Jonny Dyer and Vicki Swan Concert

Together, these two harmonized to make fantastic music for us, well past the time they planned to quit. Amazing duo!

We made quite a few stops (photo ops and ooohs and aaahs) on this first day of real exploring of Wales. We wound through the gorgeous, mountainous Snowdonia National Park. Outside of Scotland, it has the tallest peak in the UK…and the views are breathtaking, to say the least (and Day Three held even closer inspection of this magnificent region). The SavNat provided (TomTom) was not working well, so Kevin, the one person that had a smart phone with GPS was giving directions from the middle of the van. There was plenty to see. We ended our day with a bit of music by our fearless leader, Marc Gunn. Wonderful.

Day Three (Monday) was filled with cultural and natural history, with our guide, Willym. In addition to more beautiful sights in Snowdonia, there were hills to climb, gates to go through, and more climbing…all while we heard about the history of the area. Not the dry stuff with someone spouting off facts that fall on deaf ears. Our guide led us out to fields to explore cairns (burial mounds), up trails, into dales, across brooks. (I’d say I easily logged an average of five miles each day.) Delightful. I’m not a history buff, but definitely enjoyed taking in all I heard and saw. That night, we were privileged to hear the harmony of two wonderful musicians: Vicki Shaw and Jonny Dyer. They were fantastic! (I’ll tried to attach a clip.)

Day Four (Tuesday) was ridiculously fun…and exhausting. It started with a mead tasting in Llanberis. It was deliriously

Meadery Owner

The owner of Snowdon Honey Farm and Winery, is wearing one of my book wristbands

Mead Tasting

We tasted many very different (and delicious meads…

fun and took more time than planned. Many of us went away with arms full of goodies (I for one was trying to figure out how my purchases would make it back home unscathed…(they did make it intact, thank you very much…)

We were to meet a storyteller “near” the National Slate Museum and had to rush across the river to get there. Well, we took a few wrong turns (no biggie–it really was a beautiful area), Marc called our storyteller and he gave us directions for us to follow. We traveled a well worn trail up into the hills, passed a hospital (for the slate company back in the day–part of the museum, and beautifully preserved), continued to walk up, and up…down…and up. I think there was more verticality to this walk than I’ve ever seen, and my knee (and very out of shape muscles) protested. I was the ‘weak link’ in our party of eight and I finally got to the point, when they were unsure whether they needed to go up further or turn down, following the river, that I stopped. I begged them to check and see which way we needed to go before I took another step. They were sweet enough to oblige me and forged ahead, down the hill. Yup, the right choice. I slowly followed. And was rewarded with the most beautiful little encampment I’ve ever seen. A little village of quaint, and quite unique buildings.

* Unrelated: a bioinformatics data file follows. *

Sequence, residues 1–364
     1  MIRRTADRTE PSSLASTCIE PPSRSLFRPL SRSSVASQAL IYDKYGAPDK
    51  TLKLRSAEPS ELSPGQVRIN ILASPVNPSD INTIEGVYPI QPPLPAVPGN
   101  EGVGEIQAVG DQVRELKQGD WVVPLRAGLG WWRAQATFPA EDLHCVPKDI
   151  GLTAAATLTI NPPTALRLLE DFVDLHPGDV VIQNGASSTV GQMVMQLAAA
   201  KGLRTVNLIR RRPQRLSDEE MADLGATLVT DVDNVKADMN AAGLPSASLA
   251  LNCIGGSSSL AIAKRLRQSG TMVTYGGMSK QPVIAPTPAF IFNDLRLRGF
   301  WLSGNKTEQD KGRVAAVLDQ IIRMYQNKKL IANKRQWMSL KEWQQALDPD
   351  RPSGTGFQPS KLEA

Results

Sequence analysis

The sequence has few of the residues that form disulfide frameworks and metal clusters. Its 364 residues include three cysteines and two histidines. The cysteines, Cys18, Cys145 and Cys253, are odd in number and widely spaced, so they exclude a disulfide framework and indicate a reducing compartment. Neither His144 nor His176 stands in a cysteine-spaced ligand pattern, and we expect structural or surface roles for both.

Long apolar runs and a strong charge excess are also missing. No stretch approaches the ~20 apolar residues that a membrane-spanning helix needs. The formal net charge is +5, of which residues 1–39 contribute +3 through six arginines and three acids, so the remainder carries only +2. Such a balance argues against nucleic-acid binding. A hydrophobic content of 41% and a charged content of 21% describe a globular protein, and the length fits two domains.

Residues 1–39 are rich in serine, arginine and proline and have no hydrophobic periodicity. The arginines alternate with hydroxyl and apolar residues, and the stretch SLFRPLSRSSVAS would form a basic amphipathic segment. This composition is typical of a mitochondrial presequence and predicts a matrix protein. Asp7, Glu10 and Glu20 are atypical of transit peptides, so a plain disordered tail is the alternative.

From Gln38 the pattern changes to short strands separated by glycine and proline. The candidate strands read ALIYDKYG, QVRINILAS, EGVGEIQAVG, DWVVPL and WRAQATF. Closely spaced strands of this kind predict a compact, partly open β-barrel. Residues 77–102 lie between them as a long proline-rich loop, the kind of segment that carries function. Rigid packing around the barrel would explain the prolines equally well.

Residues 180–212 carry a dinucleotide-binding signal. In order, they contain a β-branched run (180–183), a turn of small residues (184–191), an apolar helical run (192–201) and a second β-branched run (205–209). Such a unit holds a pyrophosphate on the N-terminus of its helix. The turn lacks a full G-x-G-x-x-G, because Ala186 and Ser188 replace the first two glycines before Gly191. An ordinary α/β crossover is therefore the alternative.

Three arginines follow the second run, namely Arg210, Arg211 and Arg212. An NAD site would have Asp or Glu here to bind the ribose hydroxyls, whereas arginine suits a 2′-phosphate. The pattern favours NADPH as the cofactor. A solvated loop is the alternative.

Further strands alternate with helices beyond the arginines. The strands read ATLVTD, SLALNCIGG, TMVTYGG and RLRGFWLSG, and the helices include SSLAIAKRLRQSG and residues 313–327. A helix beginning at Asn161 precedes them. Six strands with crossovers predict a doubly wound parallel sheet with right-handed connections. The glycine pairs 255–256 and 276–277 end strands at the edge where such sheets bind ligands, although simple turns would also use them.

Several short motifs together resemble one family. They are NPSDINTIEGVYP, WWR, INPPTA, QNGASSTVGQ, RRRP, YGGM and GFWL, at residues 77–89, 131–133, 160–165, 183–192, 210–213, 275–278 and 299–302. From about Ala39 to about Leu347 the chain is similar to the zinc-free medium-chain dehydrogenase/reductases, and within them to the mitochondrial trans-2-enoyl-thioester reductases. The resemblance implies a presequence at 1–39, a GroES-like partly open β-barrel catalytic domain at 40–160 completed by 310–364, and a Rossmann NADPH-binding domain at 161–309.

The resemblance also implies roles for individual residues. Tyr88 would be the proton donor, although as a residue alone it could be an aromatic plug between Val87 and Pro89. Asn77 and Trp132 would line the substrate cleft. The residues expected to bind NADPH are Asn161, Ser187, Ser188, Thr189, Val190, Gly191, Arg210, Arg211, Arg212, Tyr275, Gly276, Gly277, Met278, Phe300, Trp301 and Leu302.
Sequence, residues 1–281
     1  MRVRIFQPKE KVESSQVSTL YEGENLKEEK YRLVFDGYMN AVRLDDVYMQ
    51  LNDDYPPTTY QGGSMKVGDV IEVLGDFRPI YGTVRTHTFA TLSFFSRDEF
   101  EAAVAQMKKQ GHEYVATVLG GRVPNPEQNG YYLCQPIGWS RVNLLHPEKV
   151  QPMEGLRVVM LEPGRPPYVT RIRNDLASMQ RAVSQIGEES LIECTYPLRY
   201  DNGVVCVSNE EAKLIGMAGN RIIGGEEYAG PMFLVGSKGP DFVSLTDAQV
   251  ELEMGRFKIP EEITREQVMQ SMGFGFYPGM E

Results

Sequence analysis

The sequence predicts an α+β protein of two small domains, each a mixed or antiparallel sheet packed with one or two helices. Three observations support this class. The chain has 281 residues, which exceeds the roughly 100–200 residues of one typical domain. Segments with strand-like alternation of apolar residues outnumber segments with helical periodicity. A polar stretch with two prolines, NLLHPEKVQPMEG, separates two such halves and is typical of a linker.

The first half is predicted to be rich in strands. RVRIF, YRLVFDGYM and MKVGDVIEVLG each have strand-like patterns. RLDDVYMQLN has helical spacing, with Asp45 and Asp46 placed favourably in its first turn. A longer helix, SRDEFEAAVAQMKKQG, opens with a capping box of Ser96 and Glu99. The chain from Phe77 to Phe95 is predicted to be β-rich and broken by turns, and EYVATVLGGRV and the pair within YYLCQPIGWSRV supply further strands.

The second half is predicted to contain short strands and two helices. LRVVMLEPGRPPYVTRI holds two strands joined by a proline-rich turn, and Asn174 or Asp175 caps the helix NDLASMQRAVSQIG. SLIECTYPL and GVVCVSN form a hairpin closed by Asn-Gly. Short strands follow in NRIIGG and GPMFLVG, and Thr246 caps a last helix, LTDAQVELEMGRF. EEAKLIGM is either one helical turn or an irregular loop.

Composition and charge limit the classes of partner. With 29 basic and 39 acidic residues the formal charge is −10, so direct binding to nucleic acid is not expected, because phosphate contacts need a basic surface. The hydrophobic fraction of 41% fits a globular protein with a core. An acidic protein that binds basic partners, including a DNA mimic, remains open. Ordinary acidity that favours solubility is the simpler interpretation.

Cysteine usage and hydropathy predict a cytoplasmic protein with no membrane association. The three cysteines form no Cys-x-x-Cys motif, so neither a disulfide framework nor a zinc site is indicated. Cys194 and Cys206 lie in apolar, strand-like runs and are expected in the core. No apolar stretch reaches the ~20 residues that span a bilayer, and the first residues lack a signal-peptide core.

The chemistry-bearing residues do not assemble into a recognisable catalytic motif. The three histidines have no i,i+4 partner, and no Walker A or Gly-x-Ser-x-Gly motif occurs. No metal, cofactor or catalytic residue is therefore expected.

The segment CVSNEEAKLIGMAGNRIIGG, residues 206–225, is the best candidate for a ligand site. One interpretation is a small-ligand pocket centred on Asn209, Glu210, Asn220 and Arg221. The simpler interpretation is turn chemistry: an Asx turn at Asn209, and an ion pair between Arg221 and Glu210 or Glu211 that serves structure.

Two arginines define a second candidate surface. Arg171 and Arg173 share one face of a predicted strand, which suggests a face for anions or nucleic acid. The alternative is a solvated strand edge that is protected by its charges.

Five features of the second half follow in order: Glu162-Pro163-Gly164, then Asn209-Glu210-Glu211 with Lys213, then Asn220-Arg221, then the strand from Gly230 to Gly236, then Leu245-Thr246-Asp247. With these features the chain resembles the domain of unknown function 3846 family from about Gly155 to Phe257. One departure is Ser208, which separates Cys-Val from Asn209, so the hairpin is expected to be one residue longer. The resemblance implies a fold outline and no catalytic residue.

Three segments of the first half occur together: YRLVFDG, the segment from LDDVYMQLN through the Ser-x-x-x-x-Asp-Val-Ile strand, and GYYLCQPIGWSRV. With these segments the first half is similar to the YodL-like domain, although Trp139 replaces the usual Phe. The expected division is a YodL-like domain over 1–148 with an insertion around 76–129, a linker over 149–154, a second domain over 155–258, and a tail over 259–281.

Thatched Lodge

Here, we are resting from our weary jaunt, but soon, we would settle into the lodge for a wonderfully told story.

Sod-Roofed Cottage

So many of these little cottages are a delight to the eye and mind.

Our Storyteller and Marc

The village in the background as Marc and the Storyteller chat

Carpentry Features with Reflections

The rustic, yet intricate carpentry details were fabulous. Our CIVers (including your truly) are in the reflection of the window.

Storyteller at Cae Mabon

In the large thatched lodge, our storyteller spins his yarn…

Thatched roofs, a Hobbit home, rammed earth building…all nestled amongst beautiful trees, next to a babbling stream. My fatigue melted away. And our storyteller was superb. Well worth the trek.

After our trekking, storytelling and a bit more sightseeing was done and we were munching on snacks in Llanberis, looking back up into the area we’d been traversing, well…I videoed Marc’s reactions, but his comments are not repeatable in this G-rated blog. (I’ve tried to upload another video I did showing the distance we traveled, but it hasn’t worked so far.) All I can say is…

Far Above National Slate Museum

…looking across the river into the town of Llanberis (photo taken from somewhere above and to the north of the Slate Museum Hospital)

Oh! My! Goodness!

I’ll continue with the last half of our trip next week…until then,

Slainté and peace be with you on this fine day.